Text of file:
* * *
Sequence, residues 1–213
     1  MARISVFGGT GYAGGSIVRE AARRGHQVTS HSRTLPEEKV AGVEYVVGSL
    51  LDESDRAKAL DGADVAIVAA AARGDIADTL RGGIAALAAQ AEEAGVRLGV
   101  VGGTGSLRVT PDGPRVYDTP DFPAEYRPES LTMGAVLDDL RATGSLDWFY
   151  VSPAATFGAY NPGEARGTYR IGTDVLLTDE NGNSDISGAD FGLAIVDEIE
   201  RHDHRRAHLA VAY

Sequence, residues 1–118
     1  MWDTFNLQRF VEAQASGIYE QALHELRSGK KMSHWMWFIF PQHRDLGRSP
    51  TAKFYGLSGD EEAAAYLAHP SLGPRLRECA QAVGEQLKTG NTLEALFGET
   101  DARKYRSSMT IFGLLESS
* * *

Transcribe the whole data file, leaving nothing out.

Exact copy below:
Sequence, residues 1–213
     1  MARISVFGGT GYAGGSIVRE AARRGHQVTS HSRTLPEEKV AGVEYVVGSL
    51  LDESDRAKAL DGADVAIVAA AARGDIADTL RGGIAALAAQ AEEAGVRLGV
   101  VGGTGSLRVT PDGPRVYDTP DFPAEYRPES LTMGAVLDDL RATGSLDWFY
   151  VSPAATFGAY NPGEARGTYR IGTDVLLTDE NGNSDISGAD FGLAIVDEIE
   201  RHDHRRAHLA VAY

Sequence, residues 1–118
     1  MWDTFNLQRF VEAQASGIYE QALHELRSGK KMSHWMWFIF PQHRDLGRSP
    51  TAKFYGLSGD EEAAAYLAHP SLGPRLRECA QAVGEQLKTG NTLEALFGET
   101  DARKYRSSMT IFGLLESS